Ancient Philosopher Quotes
Make a vessel of wax and put it in the sea, fastening its mouth in such a way as to prevent any water getting in. Then the water that percolates through the wax sides of the vessel is sweet, the earth stuff, the admixture of which makes the water salt, being separated off as it were by a filter.
No one punishes the evil-doer under the notion, or for the reason, that he has done wrong -- only the unreasonable fury of a beast acts in that way. But he who desires to inflict rational punishment does not retaliate for a past wrong, for that which is done cannot be undone, but he has regard to the future, and is desirous that the man who is punished, and he who sees him punished, may be deterred from doing wrong again.
There cannot be a single, simple body which is infinite, either, as some hold, one distinct from the elements, which they then derive from it, nor without this qualification. For there are some who make this (i. e. a body distinct from the elements) the infinite, and not air or water, in order that the other things may not be destroyed by their infinity. They are in opposition one to another — air is cold, water moist, and fire hot—and therefore, if any one of them were infinite, the rest would have ceased to be by this time. Accordingly they say that what is infinite is something other than the elements, and from it the elements arise.
Therefore we should not try to alter circumstances but to adapt ourselves to them as they really are, just as sailors do. They don't try to change the winds or the sea but ensure that they are always ready to adapt themselves to conditions. In a flat calm they use the oars; with a following breeze they hoist full sail; in a head wind they shorten sail or heave to. Adapt yourself to circumstances in the same way.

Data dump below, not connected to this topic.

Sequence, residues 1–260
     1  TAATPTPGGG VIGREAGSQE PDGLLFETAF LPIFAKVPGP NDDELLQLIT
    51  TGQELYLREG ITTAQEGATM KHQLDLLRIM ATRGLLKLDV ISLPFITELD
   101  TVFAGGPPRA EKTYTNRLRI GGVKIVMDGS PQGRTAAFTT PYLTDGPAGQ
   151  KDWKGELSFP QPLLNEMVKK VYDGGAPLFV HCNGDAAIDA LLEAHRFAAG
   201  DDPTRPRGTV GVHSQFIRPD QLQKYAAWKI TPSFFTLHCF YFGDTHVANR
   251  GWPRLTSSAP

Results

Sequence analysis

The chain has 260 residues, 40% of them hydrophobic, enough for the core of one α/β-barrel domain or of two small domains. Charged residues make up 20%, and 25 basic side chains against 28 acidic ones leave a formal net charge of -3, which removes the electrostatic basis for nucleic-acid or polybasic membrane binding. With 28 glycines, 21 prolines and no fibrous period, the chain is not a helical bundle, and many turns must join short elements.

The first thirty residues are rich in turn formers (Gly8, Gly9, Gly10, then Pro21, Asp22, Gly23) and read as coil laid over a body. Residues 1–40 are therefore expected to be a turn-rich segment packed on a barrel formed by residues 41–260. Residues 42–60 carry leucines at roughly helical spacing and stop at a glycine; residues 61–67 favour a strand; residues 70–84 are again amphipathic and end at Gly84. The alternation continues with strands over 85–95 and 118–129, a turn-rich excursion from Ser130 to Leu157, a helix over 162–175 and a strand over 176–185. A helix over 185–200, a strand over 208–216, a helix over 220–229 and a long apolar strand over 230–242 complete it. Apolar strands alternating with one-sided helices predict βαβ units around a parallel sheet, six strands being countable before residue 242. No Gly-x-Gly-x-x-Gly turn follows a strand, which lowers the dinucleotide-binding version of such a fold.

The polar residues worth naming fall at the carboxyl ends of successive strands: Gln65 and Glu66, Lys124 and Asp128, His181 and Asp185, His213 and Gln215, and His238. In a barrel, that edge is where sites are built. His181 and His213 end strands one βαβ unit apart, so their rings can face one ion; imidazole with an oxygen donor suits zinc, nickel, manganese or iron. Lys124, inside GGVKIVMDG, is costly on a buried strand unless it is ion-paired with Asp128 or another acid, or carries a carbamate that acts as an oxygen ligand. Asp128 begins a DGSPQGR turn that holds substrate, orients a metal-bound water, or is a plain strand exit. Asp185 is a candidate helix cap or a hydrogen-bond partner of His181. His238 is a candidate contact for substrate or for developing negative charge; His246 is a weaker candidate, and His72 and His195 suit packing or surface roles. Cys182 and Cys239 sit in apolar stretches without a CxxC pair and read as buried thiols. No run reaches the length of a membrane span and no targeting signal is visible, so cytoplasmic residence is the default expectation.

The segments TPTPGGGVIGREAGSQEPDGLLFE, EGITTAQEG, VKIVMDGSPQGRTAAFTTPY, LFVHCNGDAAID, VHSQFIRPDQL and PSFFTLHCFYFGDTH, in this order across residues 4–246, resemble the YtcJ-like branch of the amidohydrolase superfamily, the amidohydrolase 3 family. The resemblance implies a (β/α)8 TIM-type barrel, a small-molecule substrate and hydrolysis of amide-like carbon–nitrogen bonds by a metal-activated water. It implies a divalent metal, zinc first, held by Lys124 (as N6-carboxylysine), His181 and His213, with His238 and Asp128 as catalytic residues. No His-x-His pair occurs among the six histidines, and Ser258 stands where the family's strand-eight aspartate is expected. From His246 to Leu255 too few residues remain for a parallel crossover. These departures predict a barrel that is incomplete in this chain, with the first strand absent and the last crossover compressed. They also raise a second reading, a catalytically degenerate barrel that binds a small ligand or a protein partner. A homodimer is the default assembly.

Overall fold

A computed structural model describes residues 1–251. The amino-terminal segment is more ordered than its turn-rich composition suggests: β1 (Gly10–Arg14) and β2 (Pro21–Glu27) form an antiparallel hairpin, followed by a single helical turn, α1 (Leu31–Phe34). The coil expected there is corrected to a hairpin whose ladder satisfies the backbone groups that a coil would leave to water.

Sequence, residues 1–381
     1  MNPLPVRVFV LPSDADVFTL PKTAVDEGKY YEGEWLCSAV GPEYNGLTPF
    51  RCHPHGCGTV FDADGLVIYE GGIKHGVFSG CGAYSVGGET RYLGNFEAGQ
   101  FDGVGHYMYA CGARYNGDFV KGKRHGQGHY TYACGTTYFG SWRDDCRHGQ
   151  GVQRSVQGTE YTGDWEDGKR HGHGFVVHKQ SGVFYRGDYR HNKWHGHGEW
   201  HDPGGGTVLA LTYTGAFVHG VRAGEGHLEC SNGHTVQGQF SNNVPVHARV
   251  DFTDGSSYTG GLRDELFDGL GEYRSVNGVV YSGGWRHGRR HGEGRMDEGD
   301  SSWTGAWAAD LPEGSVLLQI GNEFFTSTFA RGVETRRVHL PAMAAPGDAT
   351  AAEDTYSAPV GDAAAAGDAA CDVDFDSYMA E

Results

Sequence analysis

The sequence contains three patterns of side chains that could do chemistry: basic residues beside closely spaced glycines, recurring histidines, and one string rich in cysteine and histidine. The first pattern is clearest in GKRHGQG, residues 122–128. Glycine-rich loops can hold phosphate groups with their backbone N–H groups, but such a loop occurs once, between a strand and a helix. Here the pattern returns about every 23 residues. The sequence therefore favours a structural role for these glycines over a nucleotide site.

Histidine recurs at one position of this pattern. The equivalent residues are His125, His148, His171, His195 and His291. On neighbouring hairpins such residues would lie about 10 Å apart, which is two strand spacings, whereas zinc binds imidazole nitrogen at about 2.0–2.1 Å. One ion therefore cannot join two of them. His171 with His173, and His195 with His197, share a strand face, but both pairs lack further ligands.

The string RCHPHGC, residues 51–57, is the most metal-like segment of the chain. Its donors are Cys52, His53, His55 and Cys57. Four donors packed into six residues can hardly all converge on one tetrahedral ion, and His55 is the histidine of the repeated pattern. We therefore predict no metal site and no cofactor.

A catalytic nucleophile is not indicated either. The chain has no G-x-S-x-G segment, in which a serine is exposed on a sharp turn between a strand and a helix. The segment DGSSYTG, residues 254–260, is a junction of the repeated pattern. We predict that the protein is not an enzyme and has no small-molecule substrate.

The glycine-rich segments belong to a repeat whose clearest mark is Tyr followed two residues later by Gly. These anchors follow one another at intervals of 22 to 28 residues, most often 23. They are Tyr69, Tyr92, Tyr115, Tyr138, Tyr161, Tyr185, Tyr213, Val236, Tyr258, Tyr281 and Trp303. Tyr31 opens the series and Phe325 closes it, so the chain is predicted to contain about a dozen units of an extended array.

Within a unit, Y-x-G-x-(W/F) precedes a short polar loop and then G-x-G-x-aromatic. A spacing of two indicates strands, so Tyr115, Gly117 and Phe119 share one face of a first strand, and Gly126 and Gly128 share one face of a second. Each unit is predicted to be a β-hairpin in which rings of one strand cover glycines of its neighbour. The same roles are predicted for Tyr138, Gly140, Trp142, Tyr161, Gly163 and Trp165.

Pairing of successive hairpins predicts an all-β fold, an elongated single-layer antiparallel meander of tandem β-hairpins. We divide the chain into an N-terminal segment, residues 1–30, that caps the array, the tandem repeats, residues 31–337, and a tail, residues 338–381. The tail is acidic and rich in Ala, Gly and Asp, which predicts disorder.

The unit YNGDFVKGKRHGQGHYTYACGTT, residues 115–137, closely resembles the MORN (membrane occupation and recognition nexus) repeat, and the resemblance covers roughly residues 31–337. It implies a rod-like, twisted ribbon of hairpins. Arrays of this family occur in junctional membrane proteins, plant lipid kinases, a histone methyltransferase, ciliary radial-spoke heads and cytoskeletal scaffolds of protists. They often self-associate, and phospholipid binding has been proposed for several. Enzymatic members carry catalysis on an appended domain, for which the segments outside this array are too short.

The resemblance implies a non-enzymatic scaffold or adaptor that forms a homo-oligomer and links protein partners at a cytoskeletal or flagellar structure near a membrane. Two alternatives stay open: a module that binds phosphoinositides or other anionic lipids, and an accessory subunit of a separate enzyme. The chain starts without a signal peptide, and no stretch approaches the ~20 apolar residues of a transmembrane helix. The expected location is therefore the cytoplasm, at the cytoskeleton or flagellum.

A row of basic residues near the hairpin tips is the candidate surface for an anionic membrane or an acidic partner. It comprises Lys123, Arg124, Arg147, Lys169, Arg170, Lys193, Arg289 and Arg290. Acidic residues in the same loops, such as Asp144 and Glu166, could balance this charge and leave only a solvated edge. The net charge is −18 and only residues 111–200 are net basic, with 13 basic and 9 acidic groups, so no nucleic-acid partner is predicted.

Whoever imposes severe punishment becomes repulsive to the people; while he who awards mild punishment becomes contemptible. But whoever imposes punishment as deserved becomes respectable. For punishment when awarded with due consideration, makes the people devoted to righteousness and to works productive of wealth and enjoyment; while punishment, when ill-awarded under the influence of greed and anger or owing to ignorance, excites fury even among hermits and ascetics dwelling in forests, not to speak of householders.
If every one in the world will love universally; states not attacking one another; houses not disturbing one another; thieves and robbers becoming extinct; emperor and ministers, fathers and sons, all being affectionate and filial — if all this comes to pass the world will be orderly. Therefore, how can the wise man who has charge of governing the empire fail to restrain hate and encourage love? So, when there is universal love in the world it will be orderly, and when there is mutual hate in the world it will be disorderly.